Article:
In the wild guinea pigs make their homes on grassy plains, feeding happily on grass and other vegetation. They live in herds, usually consisting of a single male (called a boar, to maintain the 'pig' illusion!), a few females (you guessed it - they're called sows), and their young (who are not called piglets!).
They have a strong need for herding and socialising, which means they need members of their own species when kept in captivity. Pet GPs are commonly kept in pairs or threes.
Whether in the wild or in the home, guinea pigs are sociable animals and crave company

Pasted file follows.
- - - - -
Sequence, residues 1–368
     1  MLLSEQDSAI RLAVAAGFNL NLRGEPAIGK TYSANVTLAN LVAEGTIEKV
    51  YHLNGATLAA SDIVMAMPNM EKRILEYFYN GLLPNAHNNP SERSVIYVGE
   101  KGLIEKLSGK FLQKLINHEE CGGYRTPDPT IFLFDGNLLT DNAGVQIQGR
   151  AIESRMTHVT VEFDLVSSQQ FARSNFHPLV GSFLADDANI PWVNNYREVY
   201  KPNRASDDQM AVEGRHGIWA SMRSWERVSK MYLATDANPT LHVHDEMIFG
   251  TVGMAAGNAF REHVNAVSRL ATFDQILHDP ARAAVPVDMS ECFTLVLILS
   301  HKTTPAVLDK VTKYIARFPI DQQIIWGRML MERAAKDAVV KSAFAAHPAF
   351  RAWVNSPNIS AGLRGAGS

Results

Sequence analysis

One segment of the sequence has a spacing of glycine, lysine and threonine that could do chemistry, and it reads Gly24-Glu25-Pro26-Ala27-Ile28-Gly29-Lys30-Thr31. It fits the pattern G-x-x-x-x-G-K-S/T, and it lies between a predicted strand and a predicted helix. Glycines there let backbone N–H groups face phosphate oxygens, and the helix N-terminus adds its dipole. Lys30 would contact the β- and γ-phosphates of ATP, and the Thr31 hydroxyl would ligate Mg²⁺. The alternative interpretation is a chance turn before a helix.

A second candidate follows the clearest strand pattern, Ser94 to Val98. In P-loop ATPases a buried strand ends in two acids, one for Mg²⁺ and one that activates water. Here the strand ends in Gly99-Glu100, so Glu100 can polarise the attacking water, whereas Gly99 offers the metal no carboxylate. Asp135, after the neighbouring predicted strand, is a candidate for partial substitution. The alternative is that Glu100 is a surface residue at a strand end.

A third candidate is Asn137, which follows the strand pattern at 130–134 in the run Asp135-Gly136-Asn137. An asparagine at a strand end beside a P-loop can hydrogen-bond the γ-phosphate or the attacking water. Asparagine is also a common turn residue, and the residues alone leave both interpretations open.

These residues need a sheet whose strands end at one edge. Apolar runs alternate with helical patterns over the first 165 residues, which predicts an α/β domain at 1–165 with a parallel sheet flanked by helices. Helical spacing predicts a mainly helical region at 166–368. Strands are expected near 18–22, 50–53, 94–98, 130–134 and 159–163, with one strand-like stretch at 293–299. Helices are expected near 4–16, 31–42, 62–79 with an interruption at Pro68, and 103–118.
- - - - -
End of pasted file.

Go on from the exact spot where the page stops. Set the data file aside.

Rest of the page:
Surprisingly, given the habits of most other small rodents, guinea pigs don’t dig their own burrows. This is because they evolved in a landscape of long grasses, and they make their tunnels in the vegetation, for nesting and sleeping purposes, and to hide from aerial predators.
Pet guinea pigs still retain a fear of wide open spaces, expecting a bird of prey to swoop down n them at any moment, so they need an enclosed bolt-hole to which they can run if their nerves fail them. There are various practical and fun hideaways and tunnels that you can incorporate into your pets' run.